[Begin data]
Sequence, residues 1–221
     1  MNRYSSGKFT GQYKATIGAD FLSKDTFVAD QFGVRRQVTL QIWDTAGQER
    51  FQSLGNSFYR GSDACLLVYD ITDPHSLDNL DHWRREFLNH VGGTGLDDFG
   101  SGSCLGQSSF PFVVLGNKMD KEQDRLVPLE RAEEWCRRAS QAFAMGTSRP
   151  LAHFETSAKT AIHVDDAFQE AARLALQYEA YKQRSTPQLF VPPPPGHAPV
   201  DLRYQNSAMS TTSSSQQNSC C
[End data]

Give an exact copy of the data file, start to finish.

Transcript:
Sequence, residues 1–221
     1  MNRYSSGKFT GQYKATIGAD FLSKDTFVAD QFGVRRQVTL QIWDTAGQER
    51  FQSLGNSFYR GSDACLLVYD ITDPHSLDNL DHWRREFLNH VGGTGLDDFG
   101  SGSCLGQSSF PFVVLGNKMD KEQDRLVPLE RAEEWCRRAS QAFAMGTSRP
   151  LAHFETSAKT AIHVDDAFQE AARLALQYEA YKQRSTPQLF VPPPPGHAPV
   201  DLRYQNSAMS TTSSSQQNSC C